Himachal Pradesh — Shivas Home

3 Weeks

Mac LoadGanj

Accord­ing to hin­duis­tic myth god Shi­va is one of the Trimur­ti (with Brah­ma, the cre­ator and Vish­nu the sus­tain­er). He´s also known as the destroy­er and the Himalayan moun­tains, espe­cial­ly Himachal Pradesh is his home. Over there he med­i­tates and smokes Hash which is also known as Shiv­as Tatt­va. Every­body who dis­turbs Shi­va dur­ing med­i­ta­tion is attacked by his snake which is turn­ing around his neck. 

I´ve already writ­ten in my blog about cer­tain expe­ri­ences in Himachal Pradesh (Dalai Lama teach­ings and Med­i­ta­tion Course at Tushi­ta), but noth­ing spe­cial­ly about the vil­lages where I went. MacLoadGanj ist a pret­ty small town as far as there are no teach­ings of His Holi­ness the Dalai Lama. If this is hap­pen­ing the town changes to a Bud­dhist city! I had the chance to get to know the town dur­ing both „sea­sons“ and I have to say I like it emp­ty much more. If you´re also plan­ning to go there you should def­i­nite­ly put Bagh­su and Dharamkot on your list. These 2 vil­lages are only a 1 hour walk away from MacLoadGanj. Anoth­er small vil­lages that you can reach via Dharamkot is calles Nad­di. You shouldn´t miss it! After 20 min of an easy walk­ing you reach a mys­tic place which is hung over and over with bud­dhist flags. This place is used by bud­dhist monchs for prayers and rit­u­als. When we crossed silent­ly this place we could hear the chant­i­ng oft he monchs. We made a short stop-over for lis­ten­ing and went on full of awe. Dur­ing the Tushi­ta med­i­ta­tion course we went to this place, too. The whole med­i­ta­tion group was in silence so I felt the ener­gy that is radi­at­ed by this place even more intense and atten­tive. After around 20 min more walk­ing my friend and I reached Nad­di, a small vil­lage with a moun­tain panora­ma. My friend who´s from Switzer­land was so amazed that she called her par­ents via What­sApp video call to show them how beau­ti­ful and sim­i­lar this won­der­ful moun­tain panora­ma to the Alpes is. We wan­dered inspired through the silent and peace­ful vil­lage and enjoyed the sun­set at the sun­set point.

On the next day I went for 9 days to Tushi­ta med­i­ta­tion cen­tre (read my expe­ri­ence here) to enjoy the intro­duc­tion into Bud­dhist med­i­ta­tion in silence. My friend flew to Goa for enjoy­ing warmer days.

After I had spent around 2 weeks in MacLoadGanj I met my friend Rishab in Old Man­ali. But first I would spent 12 hours for 250 km bus trip. Luck­i­ly the bus drove over­day so I enjoyed the scener­ic view on moun­tains, val­leys, for­rests and lakes in Himachal Pradesh. Spend­ing time enjoy­ing the view made me even more excit­ed to expe­ri­ence Old Man­ali and Par­vat­ti val­ley. Despite my cyc­sti­tis I have been suf­fer­ing from already 2 weeks (after I went tot he med­i­ta­tion course in Tushi­ta I decid­ed to con­sult a doc­tor to get antibi­otics which I tried to avoid) I was opti­mistic regard­ing my health in the cold­er and high­er regions of Hia­malyan mountains.

Old Manali and Parvati-Valley

Before I arrived in Man­ali Rishab got in the bus. First we went for a good din­ner. He intro­duced the nor­thin­di­an cui­sine to me which is not the health­i­est one but veeery tasty!! We spent 2 nights in stun­ning Old Man­ali and con­tin­ued the trip to Par­vat­ti val­ley. In the mid­dle of the val­ley Kol­lur is locat­ed, which is the most touris­tic town and quite easy to reaach by local bus. For reach­ing Kol­lur we first took the bus from Man­ali to Bhuntar. Over there we switched into the bus to Kol­lur. Rishab found a blog which described some tipps for Par­vat­ti val­ley. We decid­ed to take the expe­ri­ences made by the authors as a guideline.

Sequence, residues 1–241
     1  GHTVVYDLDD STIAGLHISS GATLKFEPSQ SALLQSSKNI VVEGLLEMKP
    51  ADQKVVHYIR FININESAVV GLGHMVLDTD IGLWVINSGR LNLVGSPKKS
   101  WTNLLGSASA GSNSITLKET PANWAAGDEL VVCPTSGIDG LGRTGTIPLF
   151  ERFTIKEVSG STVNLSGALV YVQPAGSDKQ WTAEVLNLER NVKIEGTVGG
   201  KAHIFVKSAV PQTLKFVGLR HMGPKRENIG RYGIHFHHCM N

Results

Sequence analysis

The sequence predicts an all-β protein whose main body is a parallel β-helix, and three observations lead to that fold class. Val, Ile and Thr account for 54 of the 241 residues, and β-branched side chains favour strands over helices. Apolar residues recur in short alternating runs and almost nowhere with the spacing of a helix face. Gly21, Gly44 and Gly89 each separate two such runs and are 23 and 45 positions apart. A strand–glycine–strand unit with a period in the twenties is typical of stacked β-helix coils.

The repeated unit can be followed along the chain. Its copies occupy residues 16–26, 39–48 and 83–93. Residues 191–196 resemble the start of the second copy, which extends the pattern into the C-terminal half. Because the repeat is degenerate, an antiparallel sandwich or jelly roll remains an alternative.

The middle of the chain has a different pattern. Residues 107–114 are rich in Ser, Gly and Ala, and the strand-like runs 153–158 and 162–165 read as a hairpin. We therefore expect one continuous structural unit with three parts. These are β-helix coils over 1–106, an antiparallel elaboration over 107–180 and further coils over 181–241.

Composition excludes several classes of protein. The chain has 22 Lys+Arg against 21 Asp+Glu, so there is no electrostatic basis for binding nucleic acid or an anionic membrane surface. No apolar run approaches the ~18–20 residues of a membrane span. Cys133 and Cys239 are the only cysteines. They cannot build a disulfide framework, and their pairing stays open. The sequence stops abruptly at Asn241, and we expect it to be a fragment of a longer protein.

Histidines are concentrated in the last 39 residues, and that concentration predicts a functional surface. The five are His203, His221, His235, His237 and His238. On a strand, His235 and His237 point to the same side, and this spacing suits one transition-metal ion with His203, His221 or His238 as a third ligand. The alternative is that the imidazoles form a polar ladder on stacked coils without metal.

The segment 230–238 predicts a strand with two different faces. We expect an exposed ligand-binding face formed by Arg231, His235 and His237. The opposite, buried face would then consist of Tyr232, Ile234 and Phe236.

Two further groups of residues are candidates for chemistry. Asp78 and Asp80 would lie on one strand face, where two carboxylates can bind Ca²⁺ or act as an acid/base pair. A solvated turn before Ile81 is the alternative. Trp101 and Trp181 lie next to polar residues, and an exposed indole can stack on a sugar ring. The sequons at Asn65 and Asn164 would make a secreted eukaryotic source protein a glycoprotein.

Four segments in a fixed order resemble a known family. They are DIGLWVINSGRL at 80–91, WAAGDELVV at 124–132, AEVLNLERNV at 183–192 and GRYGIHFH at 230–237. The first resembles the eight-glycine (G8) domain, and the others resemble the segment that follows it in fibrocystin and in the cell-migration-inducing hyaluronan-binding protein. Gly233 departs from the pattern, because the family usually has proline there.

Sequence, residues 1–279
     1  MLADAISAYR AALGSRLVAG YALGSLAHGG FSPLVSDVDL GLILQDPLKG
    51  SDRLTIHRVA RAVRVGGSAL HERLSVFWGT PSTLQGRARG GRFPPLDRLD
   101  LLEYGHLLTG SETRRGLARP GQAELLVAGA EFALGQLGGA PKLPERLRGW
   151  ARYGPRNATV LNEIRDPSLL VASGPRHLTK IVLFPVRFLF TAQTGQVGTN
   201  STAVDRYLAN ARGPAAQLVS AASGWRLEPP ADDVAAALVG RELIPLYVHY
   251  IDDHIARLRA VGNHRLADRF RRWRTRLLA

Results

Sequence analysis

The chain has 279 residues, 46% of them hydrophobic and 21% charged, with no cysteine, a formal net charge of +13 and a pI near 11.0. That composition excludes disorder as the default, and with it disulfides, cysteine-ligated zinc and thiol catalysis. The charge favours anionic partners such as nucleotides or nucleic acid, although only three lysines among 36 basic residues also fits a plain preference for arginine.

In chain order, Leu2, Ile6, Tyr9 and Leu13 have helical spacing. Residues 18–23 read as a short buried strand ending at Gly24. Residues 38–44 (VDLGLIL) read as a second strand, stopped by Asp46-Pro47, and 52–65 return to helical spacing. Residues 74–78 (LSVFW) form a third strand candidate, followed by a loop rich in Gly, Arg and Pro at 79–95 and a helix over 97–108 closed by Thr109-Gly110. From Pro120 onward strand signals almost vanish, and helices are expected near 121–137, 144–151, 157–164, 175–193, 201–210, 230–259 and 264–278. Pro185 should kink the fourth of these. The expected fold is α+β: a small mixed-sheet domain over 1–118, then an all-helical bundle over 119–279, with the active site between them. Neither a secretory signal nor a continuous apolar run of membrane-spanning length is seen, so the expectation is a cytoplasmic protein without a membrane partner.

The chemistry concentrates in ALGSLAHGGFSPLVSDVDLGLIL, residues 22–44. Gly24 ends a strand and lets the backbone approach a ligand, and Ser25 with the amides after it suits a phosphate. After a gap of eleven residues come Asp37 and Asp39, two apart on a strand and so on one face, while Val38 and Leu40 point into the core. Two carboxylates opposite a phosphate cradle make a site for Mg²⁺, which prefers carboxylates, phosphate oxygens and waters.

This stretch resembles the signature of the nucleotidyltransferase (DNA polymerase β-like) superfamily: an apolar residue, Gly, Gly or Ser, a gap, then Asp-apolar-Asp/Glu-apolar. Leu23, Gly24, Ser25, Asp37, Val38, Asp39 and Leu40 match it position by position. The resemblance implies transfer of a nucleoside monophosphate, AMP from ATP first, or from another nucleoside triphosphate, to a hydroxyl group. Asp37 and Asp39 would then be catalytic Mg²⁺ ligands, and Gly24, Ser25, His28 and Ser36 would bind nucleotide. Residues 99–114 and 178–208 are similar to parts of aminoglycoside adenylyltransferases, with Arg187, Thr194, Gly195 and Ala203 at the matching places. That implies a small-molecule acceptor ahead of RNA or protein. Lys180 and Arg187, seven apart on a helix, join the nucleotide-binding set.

On the first day we walked on the maon route to Manikaran, which is sur­round­ed by beau­ti­ful hot springs and wor­shipped as a holy city (it´s more a town). If you´re plan­ning to go there don´t for­get your swim­ming stuff! The only ATM oft he city didn´t work unfor­tu­natley with my for­eign cred­it card. Take enough mon­ey if you´re vis­it­ing Par­vat­ti val­ley. It´s dif­fi­cult or maybe impos­si­ble to find cash there. I spent around 1200 rupees per day for acco­mo­da­tion and food. Rishab and I shared a room so that I only had half cost für acco­mo­da­tion. On one oft he fol­low­ing days we decid­ed to hike to Rashol. It´s a small vil­lage in the moun­tains that is only avail­able through an exhaust­ing 4 to 6 hours walk (if you´re good in shape it´s still exhaust­ing!). The path is beau­ti­ful­ly sur­round­ed by fields, for­rests, rivers as well as small water falls. Half way we decid­ed to take a break at the only guest house. We were lucky because it just start­ed to rain. More­over a small bon fire burned that was wel­comed by my cold hands joy­ful­ly. Over there we met Pranav, a wan­der­er from Del­hi, who searched for some peace in nature from hec­tic day-to-day life in Farid­abad. We talked and talked and time was fly­ing fast! Before we noticed it start­ed to be mid­night! Rishab tried to con­vince me at 5:30 pm a sec­ond time to move up to Rashol but I had too much respect towards the moun­tain, espe­cial­ly in the dark. So we decid­ed to stay over night in the guest house. We we wel­comed the next morn­ing by a huu­uge and not-end­ing fog that wrapped us up com­plete­ly as he would say „Wel­come in my king­dom! You´re now part of it!“